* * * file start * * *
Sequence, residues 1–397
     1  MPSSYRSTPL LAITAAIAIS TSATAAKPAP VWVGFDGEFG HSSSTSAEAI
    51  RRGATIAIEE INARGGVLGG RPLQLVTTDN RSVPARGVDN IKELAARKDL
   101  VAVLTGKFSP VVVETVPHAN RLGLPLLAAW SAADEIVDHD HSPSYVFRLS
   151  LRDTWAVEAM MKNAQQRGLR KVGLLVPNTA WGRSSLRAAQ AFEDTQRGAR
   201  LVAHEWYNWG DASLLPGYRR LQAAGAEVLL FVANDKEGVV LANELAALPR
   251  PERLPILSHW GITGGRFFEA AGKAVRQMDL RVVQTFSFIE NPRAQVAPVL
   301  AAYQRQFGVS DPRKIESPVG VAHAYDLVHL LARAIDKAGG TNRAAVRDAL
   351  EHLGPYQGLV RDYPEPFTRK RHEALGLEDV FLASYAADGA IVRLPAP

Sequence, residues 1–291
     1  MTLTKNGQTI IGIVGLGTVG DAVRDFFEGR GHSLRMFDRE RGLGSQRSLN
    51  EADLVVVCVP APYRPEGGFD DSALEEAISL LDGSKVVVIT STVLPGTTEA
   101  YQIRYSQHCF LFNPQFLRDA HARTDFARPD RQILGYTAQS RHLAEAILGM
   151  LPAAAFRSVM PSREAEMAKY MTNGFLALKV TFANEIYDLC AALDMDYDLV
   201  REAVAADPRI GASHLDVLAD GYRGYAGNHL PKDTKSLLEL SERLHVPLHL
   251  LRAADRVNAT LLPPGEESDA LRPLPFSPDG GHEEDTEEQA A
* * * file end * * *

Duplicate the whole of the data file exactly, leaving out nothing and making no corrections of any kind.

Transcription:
Sequence, residues 1–397
     1  MPSSYRSTPL LAITAAIAIS TSATAAKPAP VWVGFDGEFG HSSSTSAEAI
    51  RRGATIAIEE INARGGVLGG RPLQLVTTDN RSVPARGVDN IKELAARKDL
   101  VAVLTGKFSP VVVETVPHAN RLGLPLLAAW SAADEIVDHD HSPSYVFRLS
   151  LRDTWAVEAM MKNAQQRGLR KVGLLVPNTA WGRSSLRAAQ AFEDTQRGAR
   201  LVAHEWYNWG DASLLPGYRR LQAAGAEVLL FVANDKEGVV LANELAALPR
   251  PERLPILSHW GITGGRFFEA AGKAVRQMDL RVVQTFSFIE NPRAQVAPVL
   301  AAYQRQFGVS DPRKIESPVG VAHAYDLVHL LARAIDKAGG TNRAAVRDAL
   351  EHLGPYQGLV RDYPEPFTRK RHEALGLEDV FLASYAADGA IVRLPAP

Sequence, residues 1–291
     1  MTLTKNGQTI IGIVGLGTVG DAVRDFFEGR GHSLRMFDRE RGLGSQRSLN
    51  EADLVVVCVP APYRPEGGFD DSALEEAISL LDGSKVVVIT STVLPGTTEA
   101  YQIRYSQHCF LFNPQFLRDA HARTDFARPD RQILGYTAQS RHLAEAILGM
   151  LPAAAFRSVM PSREAEMAKY MTNGFLALKV TFANEIYDLC AALDMDYDLV
   201  REAVAADPRI GASHLDVLAD GYRGYAGNHL PKDTKSLLEL SERLHVPLHL
   251  LRAADRVNAT LLPPGEESDA LRPLPFSPDG GHEEDTEEQA A